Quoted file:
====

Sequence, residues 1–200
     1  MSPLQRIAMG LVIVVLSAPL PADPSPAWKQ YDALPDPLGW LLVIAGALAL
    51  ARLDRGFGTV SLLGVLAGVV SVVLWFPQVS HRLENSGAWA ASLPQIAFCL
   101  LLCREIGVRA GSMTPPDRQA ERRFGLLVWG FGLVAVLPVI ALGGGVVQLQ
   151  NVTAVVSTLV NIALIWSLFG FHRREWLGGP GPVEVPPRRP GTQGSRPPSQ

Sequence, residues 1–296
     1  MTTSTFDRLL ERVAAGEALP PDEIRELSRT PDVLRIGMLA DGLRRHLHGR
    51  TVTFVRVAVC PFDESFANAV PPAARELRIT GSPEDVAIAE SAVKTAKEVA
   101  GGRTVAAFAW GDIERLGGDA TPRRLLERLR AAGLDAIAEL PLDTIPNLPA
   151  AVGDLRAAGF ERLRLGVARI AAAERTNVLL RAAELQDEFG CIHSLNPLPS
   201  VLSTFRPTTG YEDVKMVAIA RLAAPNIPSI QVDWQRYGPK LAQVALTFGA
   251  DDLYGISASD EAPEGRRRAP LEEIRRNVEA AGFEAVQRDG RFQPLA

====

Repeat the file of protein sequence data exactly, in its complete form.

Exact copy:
Sequence, residues 1–200
     1  MSPLQRIAMG LVIVVLSAPL PADPSPAWKQ YDALPDPLGW LLVIAGALAL
    51  ARLDRGFGTV SLLGVLAGVV SVVLWFPQVS HRLENSGAWA ASLPQIAFCL
   101  LLCREIGVRA GSMTPPDRQA ERRFGLLVWG FGLVAVLPVI ALGGGVVQLQ
   151  NVTAVVSTLV NIALIWSLFG FHRREWLGGP GPVEVPPRRP GTQGSRPPSQ

Sequence, residues 1–296
     1  MTTSTFDRLL ERVAAGEALP PDEIRELSRT PDVLRIGMLA DGLRRHLHGR
    51  TVTFVRVAVC PFDESFANAV PPAARELRIT GSPEDVAIAE SAVKTAKEVA
   101  GGRTVAAFAW GDIERLGGDA TPRRLLERLR AAGLDAIAEL PLDTIPNLPA
   151  AVGDLRAAGF ERLRLGVARI AAAERTNVLL RAAELQDEFG CIHSLNPLPS
   201  VLSTFRPTTG YEDVKMVAIA RLAAPNIPSI QVDWQRYGPK LAQVALTFGA
   251  DDLYGISASD EAPEGRRRAP LEEIRRNVEA AGFEAVQRDG RFQPLA